Minh LeFollow

Date of Award


Degree Name

MS in Agriculture - Crop Science


Horticulture and Crop Science


College of Agriculture, Food, and Environmental Sciences


Lauren Garner

Advisor Department

Horticulture and Crop Science

Advisor College

College of Agriculture, Food, and Environmental Sciences


Fruit tree leaf nutrient concentrations are commonly used to determine fertilizer rates, but information is limited regarding nutrient requirements, seasonal N uptake and removal rates, and soil N dynamics for pomegranate. Relationships between fertilizer rates, leaf nutrient concentrations, fruit yield and quality were examined in five mature, commercial California ‘Wonderful’ pomegranate orchards. Site 1 was observed for two growing seasons (2018-2019) and sites 2-5 were observed for one season (2018 or 2019). In 2018, 150, 300, or 450 g N/tree was applied at sites 1-3 in a single application at early fruit development or in two equal applications at early and mid-season fruit development. In 2019, fertilizer rates were adjusted based on site-specific leaf nutrient analysis and crop load and applied at mid-season fruit development (158, 185, 225, 286, 392, or 625 g N/tree at site 1; 115, 130, 150, 175, 212, or 270 g N/tree at site 4; and 107, 122, 142, 171, 214, or 286 g N/tree at site 5). A randomized complete block design was used for all experiments. Leaves were collected from all data trees during early, mid-season and late fruit development and analyzed for leaf nutrient concentrations. At harvest, total fruit weight per tree and individual fruit weight and diameter were measured. Canopy volume was measured during the dormant season prior to pruning. Nitrogen partitioning, uptake and removal rates were studied by analyzing plant tissue, soil, and lysimeter water samples in 2019 at site 5. Fruit yield and average diameter varied significantly depending on site and fertilizer treatments. Average fruit yield per tree ranged from 5-90 kg fruit/tree (site 1: 78.5 kg fruit/tree in 2018 and 91.1 kg fruit/tree in 2019, site 2: 55.6 kg fruit/tree, site 3: 29.7 kg fruit/tree, site 4: 5.6 kg fruit/tree, site 5: 9.1 kg fruit/tree). Sufficiency ranges and significant relationships were determined between certain nutrients, including nitrogen and potassium, to fruit yield and diameter. Higher fertilizer treatments were associated with higher residual soil N compared to the low fertilizer treatments within the root zone (2.25-19.33 mg/L NO3-N) and below the root zone (2.25-9.17 mg/L NO3-N) suggesting a higher likeliness of nitrogen leaching with fertilizer applications exceeding the crop’s nitrogen demand. Overall, variability between sites in fertilizer treatment effects, leaf nitrogen concentrations, and yield suggests that setting site-specific yield goals based on estimated N uptake and removal is necessary to develop effective pomegranate fertilizer programs.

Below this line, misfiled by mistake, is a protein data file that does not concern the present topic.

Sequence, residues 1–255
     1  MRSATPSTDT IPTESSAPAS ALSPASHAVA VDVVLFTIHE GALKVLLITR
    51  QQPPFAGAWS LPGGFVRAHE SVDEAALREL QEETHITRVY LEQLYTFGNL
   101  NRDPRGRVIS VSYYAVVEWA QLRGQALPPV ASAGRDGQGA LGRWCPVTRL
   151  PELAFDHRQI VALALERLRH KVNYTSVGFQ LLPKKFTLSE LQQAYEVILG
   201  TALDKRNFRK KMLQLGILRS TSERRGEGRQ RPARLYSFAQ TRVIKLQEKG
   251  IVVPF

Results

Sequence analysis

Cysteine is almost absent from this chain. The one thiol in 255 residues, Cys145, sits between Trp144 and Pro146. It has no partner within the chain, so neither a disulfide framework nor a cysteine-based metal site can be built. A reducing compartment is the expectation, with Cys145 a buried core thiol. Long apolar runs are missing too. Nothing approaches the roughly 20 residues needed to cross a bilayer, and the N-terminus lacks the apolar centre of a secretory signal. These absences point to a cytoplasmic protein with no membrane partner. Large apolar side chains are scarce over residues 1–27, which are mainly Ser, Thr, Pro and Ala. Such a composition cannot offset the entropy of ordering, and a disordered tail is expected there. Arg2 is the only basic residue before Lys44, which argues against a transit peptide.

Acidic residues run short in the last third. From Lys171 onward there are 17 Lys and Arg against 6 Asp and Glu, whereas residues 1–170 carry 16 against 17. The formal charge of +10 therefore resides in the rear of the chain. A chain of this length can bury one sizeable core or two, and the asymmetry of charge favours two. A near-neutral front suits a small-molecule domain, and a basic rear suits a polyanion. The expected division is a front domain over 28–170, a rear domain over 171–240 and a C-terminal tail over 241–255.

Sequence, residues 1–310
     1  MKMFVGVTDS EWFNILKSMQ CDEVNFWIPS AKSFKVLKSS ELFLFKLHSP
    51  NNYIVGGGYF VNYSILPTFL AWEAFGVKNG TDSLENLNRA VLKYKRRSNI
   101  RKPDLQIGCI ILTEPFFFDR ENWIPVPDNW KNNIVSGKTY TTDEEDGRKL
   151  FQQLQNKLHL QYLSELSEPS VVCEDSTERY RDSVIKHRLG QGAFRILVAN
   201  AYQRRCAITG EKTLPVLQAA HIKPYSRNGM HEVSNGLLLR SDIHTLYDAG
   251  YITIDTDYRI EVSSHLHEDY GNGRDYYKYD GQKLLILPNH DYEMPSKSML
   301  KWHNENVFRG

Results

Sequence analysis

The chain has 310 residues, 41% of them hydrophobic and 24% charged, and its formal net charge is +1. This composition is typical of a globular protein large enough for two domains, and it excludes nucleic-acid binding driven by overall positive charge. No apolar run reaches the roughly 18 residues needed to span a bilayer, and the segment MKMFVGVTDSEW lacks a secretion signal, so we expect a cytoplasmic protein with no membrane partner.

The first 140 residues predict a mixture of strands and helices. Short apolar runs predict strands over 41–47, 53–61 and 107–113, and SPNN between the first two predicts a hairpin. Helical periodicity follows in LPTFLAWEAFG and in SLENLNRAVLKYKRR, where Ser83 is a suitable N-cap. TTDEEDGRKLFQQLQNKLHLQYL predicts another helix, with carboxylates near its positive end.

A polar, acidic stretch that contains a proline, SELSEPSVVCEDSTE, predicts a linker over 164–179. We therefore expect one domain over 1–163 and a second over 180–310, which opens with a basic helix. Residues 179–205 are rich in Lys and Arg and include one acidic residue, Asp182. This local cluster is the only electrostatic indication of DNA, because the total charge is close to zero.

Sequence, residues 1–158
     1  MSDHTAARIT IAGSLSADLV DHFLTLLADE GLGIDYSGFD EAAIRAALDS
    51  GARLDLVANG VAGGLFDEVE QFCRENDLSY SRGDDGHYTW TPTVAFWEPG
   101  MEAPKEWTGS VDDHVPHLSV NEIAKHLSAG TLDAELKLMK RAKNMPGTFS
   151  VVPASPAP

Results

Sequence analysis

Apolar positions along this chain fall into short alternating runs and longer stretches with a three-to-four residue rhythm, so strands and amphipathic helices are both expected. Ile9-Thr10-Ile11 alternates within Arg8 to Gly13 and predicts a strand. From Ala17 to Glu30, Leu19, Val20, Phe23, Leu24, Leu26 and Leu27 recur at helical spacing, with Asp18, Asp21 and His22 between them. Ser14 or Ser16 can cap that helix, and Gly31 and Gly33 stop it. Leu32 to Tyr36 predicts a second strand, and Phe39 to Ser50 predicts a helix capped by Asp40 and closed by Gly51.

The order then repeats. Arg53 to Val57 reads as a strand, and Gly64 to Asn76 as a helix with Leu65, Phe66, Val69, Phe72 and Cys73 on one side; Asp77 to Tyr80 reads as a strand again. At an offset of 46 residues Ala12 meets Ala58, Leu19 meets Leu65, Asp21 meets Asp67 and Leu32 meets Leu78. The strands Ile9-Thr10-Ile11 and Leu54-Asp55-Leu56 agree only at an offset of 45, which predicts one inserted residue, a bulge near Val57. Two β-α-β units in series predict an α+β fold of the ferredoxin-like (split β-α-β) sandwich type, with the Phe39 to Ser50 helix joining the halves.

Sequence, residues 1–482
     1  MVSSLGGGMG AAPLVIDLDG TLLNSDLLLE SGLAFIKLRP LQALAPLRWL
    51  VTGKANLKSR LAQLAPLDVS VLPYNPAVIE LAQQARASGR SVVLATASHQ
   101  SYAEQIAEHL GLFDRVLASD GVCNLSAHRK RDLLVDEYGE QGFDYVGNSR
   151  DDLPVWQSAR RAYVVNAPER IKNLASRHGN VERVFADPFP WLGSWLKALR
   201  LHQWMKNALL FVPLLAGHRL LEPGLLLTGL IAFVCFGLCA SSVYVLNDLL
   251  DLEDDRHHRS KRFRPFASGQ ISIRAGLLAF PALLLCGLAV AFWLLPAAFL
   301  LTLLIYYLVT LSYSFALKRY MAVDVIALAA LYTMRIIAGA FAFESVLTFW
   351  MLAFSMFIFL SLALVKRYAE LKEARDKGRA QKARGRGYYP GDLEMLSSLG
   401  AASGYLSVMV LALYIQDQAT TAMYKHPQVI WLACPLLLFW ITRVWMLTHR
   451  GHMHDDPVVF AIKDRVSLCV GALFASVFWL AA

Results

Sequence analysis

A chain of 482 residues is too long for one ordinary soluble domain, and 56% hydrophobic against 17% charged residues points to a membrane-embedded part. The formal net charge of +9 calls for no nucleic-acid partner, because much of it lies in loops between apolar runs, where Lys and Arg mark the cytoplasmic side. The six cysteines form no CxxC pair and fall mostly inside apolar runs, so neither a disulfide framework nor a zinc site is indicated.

Available for download on Monday, December 11, 2023

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